Mass Efflections: Intensity, Subtlety, Tragedy

Masters of Intensity
The Mass Effects are the most intense games I’ve ever played. Sure, Skyrim was probably more epic. Various Calls of Duty and Battlefields are louder or have more explosions and background action.

Mass Effect takes those more traditional elements of intensity and combines them with player investment. Mass Effect establishes a massive universe, an interesting story, and a bevy of potentially great characters. The characters take a game or two to flesh out, but overall, Mass Effect makes you give a crap about what you are doing because bad decisions have negative consequences on locations or characters you care about.

That sort of investment pays dividends in missions like Feros and the Citadel, where pitched battles and climactic cutscenes (and inspirational speeches on Virmire) come together to make the player feel like they had just saved the universe themselves.

For all my criticisms of Mass Effect 2’s occasionally misplaced bombast and bravado, that suicide mission felt like a suicide mission. Dropping into a black hole. Getting ripped apart by Oculi. Fending off hoards of collectors. Walking through a blizzard of Seekers. Frantically escaping after felling a massive human Reaper. Damn, son…

Mass Effect 3 manages to top them all. The game’s designer’s noticeably increased the challenge of every difficulty level. I found myself fighting for my life more in 3 than I did in any other game in the series.

Every step feels appropriately apocalyptic. The Reapers have harvested countless civilizations before and we are given little evidence to believe Shepard can prevent this one. On Pavalan, two Reapers crack a Turian frigate in half while the hulk of another lies beneath one of the behemoths. The Geth, the galaxy’s most advanced AI, are hacked. Shepard fails to complete an objective for like the first time in his life. So on and so forth. Hell, Earth falls within the game’s tutorial mission.

Meanwhile, earnest, mournful motifs punctuate Mass Effect 3’s score, replacing the energy of Mass Effect and the bombast of Mass Effect 2.

And of course, the game’s final mission features a battle between the Reapers and an inter-galactic armada, immediately followed by a somehow even more desperate ground offensive in London.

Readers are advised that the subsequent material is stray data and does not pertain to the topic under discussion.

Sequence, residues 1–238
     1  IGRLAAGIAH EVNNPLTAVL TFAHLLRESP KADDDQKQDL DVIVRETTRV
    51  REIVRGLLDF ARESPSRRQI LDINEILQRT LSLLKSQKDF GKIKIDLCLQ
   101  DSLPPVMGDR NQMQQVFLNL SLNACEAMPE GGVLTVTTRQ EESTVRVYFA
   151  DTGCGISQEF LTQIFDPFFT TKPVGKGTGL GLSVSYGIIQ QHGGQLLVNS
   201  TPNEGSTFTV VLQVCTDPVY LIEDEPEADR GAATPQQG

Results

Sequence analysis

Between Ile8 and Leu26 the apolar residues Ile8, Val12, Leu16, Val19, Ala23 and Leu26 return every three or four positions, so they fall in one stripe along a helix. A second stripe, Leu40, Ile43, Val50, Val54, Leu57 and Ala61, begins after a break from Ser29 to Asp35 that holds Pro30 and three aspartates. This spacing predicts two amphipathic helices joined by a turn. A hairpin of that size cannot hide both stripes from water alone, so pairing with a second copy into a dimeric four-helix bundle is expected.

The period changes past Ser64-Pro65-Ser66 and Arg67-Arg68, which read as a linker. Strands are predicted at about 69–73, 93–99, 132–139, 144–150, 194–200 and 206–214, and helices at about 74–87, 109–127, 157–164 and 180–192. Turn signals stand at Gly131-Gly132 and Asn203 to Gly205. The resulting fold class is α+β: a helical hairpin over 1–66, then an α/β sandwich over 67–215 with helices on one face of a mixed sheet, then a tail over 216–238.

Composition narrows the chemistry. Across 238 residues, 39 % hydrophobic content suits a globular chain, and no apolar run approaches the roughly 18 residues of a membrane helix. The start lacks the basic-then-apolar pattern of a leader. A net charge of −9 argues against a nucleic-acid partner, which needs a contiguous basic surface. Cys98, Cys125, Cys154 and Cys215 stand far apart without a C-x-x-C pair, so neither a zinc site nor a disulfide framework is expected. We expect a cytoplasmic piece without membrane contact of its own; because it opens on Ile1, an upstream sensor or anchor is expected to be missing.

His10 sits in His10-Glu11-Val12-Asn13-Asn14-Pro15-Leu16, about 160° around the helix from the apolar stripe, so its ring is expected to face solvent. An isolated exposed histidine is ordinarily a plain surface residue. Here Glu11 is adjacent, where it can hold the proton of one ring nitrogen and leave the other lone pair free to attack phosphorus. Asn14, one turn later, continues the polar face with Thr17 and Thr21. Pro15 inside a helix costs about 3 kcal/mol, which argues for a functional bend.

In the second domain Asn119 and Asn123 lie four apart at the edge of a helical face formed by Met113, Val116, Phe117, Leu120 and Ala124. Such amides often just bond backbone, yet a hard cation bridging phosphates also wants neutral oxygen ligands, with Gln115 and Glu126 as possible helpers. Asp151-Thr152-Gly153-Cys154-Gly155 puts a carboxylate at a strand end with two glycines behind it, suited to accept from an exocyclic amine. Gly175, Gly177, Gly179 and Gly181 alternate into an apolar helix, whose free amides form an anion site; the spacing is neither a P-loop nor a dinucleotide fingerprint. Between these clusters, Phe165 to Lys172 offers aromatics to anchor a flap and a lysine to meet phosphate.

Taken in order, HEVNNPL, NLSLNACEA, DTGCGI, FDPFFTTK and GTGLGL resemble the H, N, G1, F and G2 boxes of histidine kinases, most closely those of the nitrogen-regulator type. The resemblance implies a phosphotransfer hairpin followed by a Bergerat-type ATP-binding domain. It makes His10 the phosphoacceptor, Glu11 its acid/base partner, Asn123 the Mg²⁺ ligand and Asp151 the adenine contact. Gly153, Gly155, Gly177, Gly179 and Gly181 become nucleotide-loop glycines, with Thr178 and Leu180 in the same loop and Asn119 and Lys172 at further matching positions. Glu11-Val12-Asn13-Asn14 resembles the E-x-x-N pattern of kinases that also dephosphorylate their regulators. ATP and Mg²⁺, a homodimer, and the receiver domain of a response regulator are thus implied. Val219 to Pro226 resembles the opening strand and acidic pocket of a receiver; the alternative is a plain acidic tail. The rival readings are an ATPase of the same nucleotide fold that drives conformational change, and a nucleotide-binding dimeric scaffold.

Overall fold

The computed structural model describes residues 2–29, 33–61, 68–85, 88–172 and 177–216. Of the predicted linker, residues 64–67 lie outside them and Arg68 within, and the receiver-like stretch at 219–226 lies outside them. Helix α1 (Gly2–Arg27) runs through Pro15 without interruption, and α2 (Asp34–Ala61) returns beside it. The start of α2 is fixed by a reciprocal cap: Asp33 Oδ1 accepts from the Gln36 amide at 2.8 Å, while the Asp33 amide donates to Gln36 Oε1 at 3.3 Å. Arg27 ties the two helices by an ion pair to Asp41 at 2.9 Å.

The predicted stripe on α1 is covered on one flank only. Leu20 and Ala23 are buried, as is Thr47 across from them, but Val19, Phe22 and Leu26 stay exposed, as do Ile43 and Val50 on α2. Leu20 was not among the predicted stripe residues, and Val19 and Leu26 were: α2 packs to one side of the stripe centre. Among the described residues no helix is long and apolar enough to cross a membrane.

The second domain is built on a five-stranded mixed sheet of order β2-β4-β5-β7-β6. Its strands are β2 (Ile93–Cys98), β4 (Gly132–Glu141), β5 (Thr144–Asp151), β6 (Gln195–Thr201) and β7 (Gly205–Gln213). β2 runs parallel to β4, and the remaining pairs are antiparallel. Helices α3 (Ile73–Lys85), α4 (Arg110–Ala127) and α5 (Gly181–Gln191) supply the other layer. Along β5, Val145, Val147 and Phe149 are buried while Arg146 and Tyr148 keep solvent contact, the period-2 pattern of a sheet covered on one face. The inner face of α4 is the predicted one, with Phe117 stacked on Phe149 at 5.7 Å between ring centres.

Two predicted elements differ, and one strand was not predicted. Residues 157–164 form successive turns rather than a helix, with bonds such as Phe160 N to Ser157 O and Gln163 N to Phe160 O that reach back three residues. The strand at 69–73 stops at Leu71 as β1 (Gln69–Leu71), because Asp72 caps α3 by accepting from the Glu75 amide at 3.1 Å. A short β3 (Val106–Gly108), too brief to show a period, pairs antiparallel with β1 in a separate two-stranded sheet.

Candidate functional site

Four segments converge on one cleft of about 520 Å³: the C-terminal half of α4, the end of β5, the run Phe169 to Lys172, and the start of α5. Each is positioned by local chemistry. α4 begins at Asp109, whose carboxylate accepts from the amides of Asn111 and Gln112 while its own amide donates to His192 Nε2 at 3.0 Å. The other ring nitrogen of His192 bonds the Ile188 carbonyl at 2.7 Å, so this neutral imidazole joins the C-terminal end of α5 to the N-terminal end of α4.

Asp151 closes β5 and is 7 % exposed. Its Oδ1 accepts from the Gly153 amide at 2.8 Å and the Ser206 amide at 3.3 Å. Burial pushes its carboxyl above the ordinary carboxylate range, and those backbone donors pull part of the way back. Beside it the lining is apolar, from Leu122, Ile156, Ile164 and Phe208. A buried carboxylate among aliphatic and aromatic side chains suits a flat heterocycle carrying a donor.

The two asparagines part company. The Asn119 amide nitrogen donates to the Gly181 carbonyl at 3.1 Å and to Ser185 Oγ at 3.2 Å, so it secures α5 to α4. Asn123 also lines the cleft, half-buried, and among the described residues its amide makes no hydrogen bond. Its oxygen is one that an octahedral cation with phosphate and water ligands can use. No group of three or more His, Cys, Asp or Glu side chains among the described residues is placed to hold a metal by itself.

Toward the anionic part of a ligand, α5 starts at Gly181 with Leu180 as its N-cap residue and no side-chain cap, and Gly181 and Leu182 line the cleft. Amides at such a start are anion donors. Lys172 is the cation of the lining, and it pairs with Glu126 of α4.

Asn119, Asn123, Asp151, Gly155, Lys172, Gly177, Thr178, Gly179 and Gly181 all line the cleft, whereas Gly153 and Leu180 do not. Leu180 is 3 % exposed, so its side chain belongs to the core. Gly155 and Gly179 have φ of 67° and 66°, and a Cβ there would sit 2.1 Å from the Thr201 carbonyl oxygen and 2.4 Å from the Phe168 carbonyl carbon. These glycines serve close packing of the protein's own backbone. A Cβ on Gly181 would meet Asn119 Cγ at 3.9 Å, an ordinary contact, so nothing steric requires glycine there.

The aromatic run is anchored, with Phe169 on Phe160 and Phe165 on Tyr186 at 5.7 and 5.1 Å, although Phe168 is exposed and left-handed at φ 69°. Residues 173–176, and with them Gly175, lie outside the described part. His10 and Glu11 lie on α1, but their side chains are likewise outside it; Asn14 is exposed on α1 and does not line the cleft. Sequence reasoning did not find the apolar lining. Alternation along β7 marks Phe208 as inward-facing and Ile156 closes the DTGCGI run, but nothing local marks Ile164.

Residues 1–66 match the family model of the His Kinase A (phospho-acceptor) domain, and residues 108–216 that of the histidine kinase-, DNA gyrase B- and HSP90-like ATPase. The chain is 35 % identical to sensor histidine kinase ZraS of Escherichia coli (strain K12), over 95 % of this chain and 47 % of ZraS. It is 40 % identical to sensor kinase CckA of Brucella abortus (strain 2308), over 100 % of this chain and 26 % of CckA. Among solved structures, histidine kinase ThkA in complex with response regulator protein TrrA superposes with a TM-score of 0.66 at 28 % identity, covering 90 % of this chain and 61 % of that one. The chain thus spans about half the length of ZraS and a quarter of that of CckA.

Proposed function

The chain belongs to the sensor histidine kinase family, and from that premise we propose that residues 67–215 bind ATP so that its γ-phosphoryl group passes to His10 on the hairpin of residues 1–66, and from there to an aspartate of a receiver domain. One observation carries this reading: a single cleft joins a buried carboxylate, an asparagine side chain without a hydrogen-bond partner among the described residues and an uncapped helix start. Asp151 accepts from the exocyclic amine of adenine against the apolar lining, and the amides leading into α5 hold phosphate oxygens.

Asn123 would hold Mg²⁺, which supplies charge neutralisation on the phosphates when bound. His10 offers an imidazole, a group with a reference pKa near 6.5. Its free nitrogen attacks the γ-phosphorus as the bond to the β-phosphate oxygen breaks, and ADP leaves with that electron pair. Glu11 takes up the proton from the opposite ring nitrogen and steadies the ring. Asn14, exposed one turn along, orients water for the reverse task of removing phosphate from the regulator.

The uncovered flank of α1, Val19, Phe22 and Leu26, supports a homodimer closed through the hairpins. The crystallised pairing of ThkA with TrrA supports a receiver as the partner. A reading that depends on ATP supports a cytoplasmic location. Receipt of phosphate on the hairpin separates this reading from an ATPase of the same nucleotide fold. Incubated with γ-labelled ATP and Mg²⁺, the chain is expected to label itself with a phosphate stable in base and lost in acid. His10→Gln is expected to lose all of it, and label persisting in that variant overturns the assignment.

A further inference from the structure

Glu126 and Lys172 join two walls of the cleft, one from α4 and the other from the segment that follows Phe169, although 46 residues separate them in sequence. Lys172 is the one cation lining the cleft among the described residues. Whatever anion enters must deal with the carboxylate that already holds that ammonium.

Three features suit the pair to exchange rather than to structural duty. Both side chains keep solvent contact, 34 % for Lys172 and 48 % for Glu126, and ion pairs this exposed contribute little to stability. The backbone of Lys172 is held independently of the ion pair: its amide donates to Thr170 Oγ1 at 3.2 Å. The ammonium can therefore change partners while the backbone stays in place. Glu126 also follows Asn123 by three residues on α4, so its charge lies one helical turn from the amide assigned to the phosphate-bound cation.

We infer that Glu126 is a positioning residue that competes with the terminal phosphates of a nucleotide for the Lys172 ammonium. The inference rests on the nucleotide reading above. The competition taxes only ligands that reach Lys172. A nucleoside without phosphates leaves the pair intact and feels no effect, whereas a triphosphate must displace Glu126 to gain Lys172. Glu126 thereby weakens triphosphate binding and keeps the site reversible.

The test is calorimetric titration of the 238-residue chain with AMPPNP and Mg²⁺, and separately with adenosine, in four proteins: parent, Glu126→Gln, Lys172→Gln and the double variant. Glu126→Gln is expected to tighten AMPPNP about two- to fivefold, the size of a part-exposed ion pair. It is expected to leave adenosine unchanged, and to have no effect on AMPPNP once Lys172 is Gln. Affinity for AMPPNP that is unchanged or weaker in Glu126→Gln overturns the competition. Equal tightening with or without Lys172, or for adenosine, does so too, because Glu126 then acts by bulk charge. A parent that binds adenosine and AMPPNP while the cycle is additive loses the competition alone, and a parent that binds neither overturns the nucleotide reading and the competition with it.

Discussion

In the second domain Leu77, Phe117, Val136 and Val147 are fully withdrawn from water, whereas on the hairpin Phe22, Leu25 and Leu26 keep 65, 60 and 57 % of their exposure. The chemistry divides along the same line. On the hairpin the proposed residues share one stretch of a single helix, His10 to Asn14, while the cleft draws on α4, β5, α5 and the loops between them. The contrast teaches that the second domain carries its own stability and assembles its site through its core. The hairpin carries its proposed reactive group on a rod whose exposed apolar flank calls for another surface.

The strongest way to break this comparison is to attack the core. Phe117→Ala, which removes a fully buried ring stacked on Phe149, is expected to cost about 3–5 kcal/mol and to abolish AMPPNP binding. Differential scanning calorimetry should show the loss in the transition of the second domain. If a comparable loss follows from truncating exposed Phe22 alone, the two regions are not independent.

You basically don’t breathe for the last several hours of the series.

Masters of Subtlety
Despite all that intensity, the Mass Effect series usually manages to avoid overplaying its hand. Continue reading

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Mass Efflections: Good Enemies

I’ve always believed that a story is only as good as its antagonist. Heroes are cool and all, but they serve no purpose unless they are faced with a legitimate threat. Weak bad guys kill a story’s suspense and leave us underwhelmed by the hero’s victory. Oh, you defeated The Goldfish? The supervillain who can’t remember his plan the next day? Great work.

Luke Skywalker is nothing without a wheezing juggernaut to oppose him. The Borg gave us some of the best episodes in Star Trek history until Voyager ruined them. Gul Dukat elevated Deep Space Nine beyond its peers. Battlestar Galactica might have had killer robots, but the true enemy was our own nature – slow to forgive, adapt, and change. The Wire painted our true enemy as the system itself; the very institutions we created to maintain our society.

A story is only as good as its antagonist.

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Mass Effect showed us two powerful villains before beautifully pulling the rug from underneath us. The first time we see Saren Arterius, he murders a fellow Spectre. Saren is aided and advised by Matriarch Benezia, possessor of centuries of wisdom, immense biotic power, and impractical attire. The entire first game is spent pursuing Saren and Benezia to stop them from handing the universe over to the Reapers.

By the end of the game, however, we discover that both had sympathetic reasons for their actions. Continue reading